There are many ways to secure your connection. We are focusing on wireless security, so we will make a simple adjustment to your router. The simplest way to secure your connection is by using WEP (Wireless Encryption Protocol). Before I go any further, many hackers can find ways around this protection. It is not the best choice for large businesses (over 100 employees), but for home and small business users, this will work just fine.

Step 1 (Configure router):
Depending on your router, the specifics of this step will differ. You need to log into your router. This is done by opening your Internet Browser (Internet Explorer, FireFox, Safari, etc.) and putting the IP Address of the router in the address bar (the address bar is where you type web sites such as This IP address will either be or; if you are unsure try both. Once you type the correct one in (and press 'Enter'), a pop-up will ask you for your user name and password. If you have never changed your password, then a default was set for you by the manufacturer. This is not the same user name and password as your computer or Internet Service Provider. If you do not know your default password, find it by clicking here.
Once logged in, look for the wireless section. This is often a button or tab found on the main page. For DLink routers there will be a button on the left menu. Now look for wireless security. For DLink routers it will be on this page. You should see a drop-down-menu. Select WEP (you may also see other choices such as WAP). Depending on your router, you will see some or all of these options. Set them as follows:

Authentication: Open WEP Encryption: 64bit Key Type: Hex Key1: PICK A 10 DIGIT NUMBER

The above 'Key' is your wireless network password. Anyone that uses your wireless connection will need to know it. Normally, you are only required to put it in your computer once and then it will remember it.

Step 2 (Computer Setup):
Now go to your wireless computer and try to connect to the network, it will ask you for the key. Enter it just as you did in the router.

Step 3 (Advanced Security):
If you would like more security then you can change some of the other options in the router. For example, instead of 64bit choose 128bit. Or instead of HEX choose ASCII. All routers are different and offer different levels of security. Basically, going to 128bit requires a longer password so it is harder for others to guess and going to ASCII requires a password with letters, not just numbers, so there are more possible passwords. You can change this around as much as you like and I do suggest changing to either 128bit or ASCII.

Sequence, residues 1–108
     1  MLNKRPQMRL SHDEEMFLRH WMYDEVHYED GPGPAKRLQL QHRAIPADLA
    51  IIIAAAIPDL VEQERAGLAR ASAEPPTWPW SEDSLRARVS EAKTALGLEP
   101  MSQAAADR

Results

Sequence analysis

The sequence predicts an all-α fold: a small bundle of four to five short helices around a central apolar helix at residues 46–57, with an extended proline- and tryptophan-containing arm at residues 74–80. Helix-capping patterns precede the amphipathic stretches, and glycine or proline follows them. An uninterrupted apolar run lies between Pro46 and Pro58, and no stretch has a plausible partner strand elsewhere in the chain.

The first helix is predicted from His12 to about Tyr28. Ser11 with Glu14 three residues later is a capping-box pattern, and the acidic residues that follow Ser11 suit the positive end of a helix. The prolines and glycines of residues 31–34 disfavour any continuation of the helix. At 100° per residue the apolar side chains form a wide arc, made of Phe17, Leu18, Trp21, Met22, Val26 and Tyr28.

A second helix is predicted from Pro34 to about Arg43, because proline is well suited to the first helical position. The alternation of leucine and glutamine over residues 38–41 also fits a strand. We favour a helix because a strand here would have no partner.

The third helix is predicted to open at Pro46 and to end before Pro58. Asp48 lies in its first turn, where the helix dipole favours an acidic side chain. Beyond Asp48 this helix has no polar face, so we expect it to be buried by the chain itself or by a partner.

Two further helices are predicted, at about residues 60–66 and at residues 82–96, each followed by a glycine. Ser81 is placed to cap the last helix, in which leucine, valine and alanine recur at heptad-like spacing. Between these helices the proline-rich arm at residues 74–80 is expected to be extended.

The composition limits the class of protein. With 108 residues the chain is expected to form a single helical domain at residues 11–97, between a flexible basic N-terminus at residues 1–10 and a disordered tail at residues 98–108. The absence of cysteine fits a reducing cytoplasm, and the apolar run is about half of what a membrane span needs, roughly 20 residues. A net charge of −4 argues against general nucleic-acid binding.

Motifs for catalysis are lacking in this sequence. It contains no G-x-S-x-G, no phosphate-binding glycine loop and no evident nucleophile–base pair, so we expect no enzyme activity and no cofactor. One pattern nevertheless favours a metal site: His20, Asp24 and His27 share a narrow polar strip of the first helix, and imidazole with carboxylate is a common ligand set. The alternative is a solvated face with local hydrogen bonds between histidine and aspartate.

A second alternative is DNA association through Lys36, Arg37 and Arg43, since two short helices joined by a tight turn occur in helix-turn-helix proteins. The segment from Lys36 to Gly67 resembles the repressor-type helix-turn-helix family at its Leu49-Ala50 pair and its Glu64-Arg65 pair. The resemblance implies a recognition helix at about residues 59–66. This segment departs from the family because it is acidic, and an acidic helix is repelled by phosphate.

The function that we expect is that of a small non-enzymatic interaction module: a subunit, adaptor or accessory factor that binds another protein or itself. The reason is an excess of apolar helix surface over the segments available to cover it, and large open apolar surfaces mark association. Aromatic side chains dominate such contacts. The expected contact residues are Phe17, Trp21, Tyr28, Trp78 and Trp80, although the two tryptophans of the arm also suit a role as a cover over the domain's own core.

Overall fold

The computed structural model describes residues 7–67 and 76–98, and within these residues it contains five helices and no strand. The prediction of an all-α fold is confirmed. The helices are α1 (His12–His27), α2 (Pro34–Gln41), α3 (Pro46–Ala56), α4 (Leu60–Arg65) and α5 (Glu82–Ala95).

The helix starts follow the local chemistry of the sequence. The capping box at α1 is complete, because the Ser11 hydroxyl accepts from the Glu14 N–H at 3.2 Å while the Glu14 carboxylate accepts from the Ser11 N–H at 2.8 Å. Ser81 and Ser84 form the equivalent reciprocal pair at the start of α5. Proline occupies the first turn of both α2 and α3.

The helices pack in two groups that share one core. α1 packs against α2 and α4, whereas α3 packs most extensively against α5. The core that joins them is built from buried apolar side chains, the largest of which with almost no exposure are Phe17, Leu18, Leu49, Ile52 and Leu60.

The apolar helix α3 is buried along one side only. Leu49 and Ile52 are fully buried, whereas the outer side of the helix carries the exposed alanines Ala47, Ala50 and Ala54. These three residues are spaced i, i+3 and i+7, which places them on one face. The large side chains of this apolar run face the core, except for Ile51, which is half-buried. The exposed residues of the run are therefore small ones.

Note: For more information contact the manufacturer of the router. They often have a toll free number and will walk you through exactly how to do what you want. I suggest a DLink router because they have 24/7 support and are very helpful.

Thursday, September 18, 2008

Setting Up Your D-Link Wireless Network - Simple Steps to Follow

The Dlink wireless network setup is quite easy. All you need is a Dlink wireless router or a Wireless Access Point (WAP) and then you need the Dlink wireless adapter, one for each computer, which will connect to the router or the WAP. There are many components to a wireless network and it may include a broadband internet connection through a cable modem or DSL, an internet security option, wireless printers and faxes, wireless music and video players, wireless game consoles and controllers, and so on.

Dlink wireless network setup is easiest when all components are from Dlink because it ensures maximum hardware compatibility. All Dlink products come with a quick installation manual that makes it a snap to follow step-by-step instructions to get the network ready to go. There are also detailed user manuals that cover all the technical aspects of the router and adapter.

Wireless networks are quite convenient and neat because there is no mess of power wires and connecting cables but there are some things you proceed with the Dlink wireless network setup.